Samhain. A magical season, to be sure. So many people in a better mood, with cooler weather, anticipation, and more. Yet underneath all that bustling activity is a quiet hum. Do you hear it? If you are in tune with the rhythm of the season, you feel it and hear it. Despite all the crazy weather and climate change, the earth is still on its timetable, and you can feel the pull to head towards the darkness. It is partly the changing of the season, and the steady progression until winter. You feel yourself going deeper, both internally and emotionally. The lessons of Samhain are all around. Below are some of the lessons I’ve gleaned through the years, what are yours?
Preparing for the Darkness: The season prepares you for the inevitable winter. Even in sunny climates, there is a whisper in the air as we head towards the end of the calendar year. Things are slowing down, so let yourself slow down a bit as well. Maybe it’s impossible with your family’s busy schedule, but try to set aside time each day to go deep within. How has this year turned out for you? Review what’s been, what you’d like to keep, and what you’d like to fall away. Make small steps towards changes you’d like to see. It can be as simple as adding more vegetables to your diet, more yoga to your week, more time for writing or a different morning routine. Choose one small act, and if that feels good, then another. Prepare for the quiet days of winter ahead. Will you read more? Write more? Spend more time with family and friends? These are ways in which we prepare for the darkness.
Honor your Ancestors: You hear it so often this time of year, but do you truly do so? Do you spend a cursory few minutes thinking about them, or do you truly take time to honor them? Set aside some space for an ancestor altar, and set aside some time in your life to truly commune with them. Our ancestors live on in our hearts and minds, and it can be soothing, especially when there is chaos out there. Honor them with their favorite foods and drinks, and bask in the generational love that is part of you.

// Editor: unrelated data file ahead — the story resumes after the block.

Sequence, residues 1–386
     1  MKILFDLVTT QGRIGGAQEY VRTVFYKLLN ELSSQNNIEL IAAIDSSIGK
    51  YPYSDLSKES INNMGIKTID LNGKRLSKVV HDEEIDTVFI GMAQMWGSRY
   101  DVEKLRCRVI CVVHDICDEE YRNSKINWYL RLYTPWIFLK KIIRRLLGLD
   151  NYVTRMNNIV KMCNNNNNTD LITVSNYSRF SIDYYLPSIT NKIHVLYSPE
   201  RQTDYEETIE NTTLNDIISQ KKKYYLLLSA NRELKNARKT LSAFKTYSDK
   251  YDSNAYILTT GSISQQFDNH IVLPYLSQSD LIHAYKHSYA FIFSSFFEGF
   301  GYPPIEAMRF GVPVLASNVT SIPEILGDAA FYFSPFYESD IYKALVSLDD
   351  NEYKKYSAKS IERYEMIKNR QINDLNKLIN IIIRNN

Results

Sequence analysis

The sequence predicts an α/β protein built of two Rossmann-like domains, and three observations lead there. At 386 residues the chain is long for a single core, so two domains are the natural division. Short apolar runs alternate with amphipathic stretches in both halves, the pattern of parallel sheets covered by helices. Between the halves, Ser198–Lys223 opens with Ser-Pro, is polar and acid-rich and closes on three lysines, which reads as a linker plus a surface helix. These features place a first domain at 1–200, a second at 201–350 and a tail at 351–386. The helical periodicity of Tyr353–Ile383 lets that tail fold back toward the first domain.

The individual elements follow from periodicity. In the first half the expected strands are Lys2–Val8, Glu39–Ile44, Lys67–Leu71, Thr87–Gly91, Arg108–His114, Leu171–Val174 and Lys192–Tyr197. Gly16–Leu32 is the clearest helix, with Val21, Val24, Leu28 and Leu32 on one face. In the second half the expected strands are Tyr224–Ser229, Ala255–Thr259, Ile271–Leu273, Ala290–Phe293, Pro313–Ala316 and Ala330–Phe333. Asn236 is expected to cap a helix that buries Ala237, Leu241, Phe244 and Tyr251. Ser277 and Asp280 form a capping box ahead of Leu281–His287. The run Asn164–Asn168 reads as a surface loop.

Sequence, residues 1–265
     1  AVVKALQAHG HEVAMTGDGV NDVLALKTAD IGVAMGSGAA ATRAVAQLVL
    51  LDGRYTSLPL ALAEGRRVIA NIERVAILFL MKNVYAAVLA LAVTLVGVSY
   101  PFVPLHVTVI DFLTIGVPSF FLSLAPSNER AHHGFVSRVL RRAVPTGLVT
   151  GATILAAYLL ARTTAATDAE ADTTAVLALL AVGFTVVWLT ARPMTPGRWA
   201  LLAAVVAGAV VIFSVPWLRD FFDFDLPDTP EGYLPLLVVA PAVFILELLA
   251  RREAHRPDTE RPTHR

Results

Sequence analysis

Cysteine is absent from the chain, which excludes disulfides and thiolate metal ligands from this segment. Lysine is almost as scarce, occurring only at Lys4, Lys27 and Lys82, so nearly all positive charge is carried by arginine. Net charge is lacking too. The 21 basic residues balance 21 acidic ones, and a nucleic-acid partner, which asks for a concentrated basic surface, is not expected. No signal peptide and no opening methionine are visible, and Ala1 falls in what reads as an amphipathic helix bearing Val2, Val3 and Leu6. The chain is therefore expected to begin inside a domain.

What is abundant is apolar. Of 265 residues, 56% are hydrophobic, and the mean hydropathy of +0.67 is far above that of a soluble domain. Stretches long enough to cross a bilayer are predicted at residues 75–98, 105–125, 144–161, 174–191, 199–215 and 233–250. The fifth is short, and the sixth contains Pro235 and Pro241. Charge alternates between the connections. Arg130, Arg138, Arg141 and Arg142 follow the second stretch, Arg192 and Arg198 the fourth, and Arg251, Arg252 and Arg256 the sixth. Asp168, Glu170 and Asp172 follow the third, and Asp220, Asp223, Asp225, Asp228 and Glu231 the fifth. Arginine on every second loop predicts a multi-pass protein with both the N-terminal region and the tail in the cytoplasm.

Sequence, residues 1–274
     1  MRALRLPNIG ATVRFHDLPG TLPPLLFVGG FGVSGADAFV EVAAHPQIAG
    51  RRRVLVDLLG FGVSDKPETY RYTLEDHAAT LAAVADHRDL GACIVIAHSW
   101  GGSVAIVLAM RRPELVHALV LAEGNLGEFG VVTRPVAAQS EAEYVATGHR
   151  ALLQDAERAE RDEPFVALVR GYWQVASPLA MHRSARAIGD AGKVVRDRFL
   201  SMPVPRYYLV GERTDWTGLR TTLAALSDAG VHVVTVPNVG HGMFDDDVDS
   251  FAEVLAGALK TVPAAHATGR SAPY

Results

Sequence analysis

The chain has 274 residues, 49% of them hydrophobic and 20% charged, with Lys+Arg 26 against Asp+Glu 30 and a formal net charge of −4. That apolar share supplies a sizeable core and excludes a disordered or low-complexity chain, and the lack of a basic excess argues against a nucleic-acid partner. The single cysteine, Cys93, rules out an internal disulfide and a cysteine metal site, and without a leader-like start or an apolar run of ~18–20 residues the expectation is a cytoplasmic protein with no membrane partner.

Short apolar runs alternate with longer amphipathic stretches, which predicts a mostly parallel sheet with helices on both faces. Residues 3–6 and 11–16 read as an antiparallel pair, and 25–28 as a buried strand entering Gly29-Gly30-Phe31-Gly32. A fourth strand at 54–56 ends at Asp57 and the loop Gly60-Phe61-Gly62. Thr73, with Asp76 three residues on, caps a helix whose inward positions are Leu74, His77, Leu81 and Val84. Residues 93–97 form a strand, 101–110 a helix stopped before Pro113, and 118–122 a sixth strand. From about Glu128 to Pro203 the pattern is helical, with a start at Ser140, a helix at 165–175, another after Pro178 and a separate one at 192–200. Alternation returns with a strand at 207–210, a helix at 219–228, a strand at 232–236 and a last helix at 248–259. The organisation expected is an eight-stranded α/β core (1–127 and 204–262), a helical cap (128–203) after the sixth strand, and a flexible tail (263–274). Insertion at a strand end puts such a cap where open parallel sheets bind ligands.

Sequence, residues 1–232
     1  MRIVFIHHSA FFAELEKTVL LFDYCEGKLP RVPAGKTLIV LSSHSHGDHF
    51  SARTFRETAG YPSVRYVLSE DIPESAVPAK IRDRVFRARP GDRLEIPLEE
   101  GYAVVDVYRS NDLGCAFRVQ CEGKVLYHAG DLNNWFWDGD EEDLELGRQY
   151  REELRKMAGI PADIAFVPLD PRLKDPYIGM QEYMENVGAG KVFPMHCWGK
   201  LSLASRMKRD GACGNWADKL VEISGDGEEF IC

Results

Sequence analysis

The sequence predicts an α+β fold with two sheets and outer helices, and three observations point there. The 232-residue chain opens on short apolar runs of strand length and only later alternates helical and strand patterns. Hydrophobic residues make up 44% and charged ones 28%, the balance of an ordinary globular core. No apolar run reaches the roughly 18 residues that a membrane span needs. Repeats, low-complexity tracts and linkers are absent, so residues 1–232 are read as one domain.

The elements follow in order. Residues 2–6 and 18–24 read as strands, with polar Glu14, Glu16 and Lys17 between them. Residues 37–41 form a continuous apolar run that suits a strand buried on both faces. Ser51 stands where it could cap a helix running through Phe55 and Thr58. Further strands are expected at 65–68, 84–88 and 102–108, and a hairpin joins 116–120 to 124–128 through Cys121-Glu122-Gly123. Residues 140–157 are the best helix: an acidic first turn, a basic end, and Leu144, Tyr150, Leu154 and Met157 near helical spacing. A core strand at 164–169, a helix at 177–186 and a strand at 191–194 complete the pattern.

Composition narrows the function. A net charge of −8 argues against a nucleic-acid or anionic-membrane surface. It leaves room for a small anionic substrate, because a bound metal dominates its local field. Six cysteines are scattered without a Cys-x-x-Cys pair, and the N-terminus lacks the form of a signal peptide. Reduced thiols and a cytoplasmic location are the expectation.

Transformation: So many people bought labradorite stones at the shop recently, I thought I had missed National Labradorite Day. Yet the uses of labradorite are many and varied. It is used for protection, awakening one’s inner spirit, and as an aid for transformation. As the leaves change, look to yourself for changes you would like to make. Take some time daily to truly envision what you would like your life to look like and the changes needed to make that happen. Want to take a pottery class but never seem to have time? What could you let go to make that happen? Create vision boards if you need to, make lists or journal daily until you reach a comfortable space of knowing what you want. It can be a fun, scary, exhilarating journey, and it begins with the first step.Practice Safe Hex: Your mind may turn towards banework more than usual with the oncoming darkness, and my advice is always, always, practice safe hex. There has to be a balance between dark and light, and although I myself practice more of the positive aspects of witchery, there is also room for steps needed to protect your boundaries and mental health. Many people worry about how far they can go with these type of workings, so it takes honesty with yourself, and very clear boundaries. If you don’t feel you are ready to do so, then don’t. Always take care of yourself first, and feel strong and centered before you carry on any sort of banishing, hexing or banework.
Honoring the Forgotten: This time of year can be so bustling and busy, yet there are those in our community who are forgotten. Some are suffering, some are unmourned, some are completely estranged from those around them. Concrete actions, such as helping with the homeless, donating to a food pantry, or even simply sending good thoughts and intentions towards someone struggling can be a huge help. We are in this world together, so spend some time daily on helping those who need it. Added boost? You will be spending time not fixating on your own problems, and adding to some goodness to the world.
A Light in the Darkness: Pumpkins are everywhere this time of year, but the rebel part of me always grabs a turnip to carve and light as well. Turnips were originally used in Ireland and Scotland to frighten away wandering evil spirits during Samhain. Across the globe, the Maoris began carving gourds as lanterns more than 700 years ago, and the Maori word for “gourd” and “lampshade” are the same. What better way to ground and center during this time than to work with a vegetable grown in the deep, dark earth, and give it some light? It is comforting and humbling at the same time, a worthy alternative to the more ebullient pumpkin. Give it a try and see how it adds to your season.
One of the best parts of the Wheel of the Year for me is how it connects me to the cores of the seasons and the time of the year. Each celebration has full meaning, and once you delve into them, it’s hard to not return with each successive festival. Samhain has me digging deeper and deeper each time, and the journey has been enriching. I hope it is the same for you.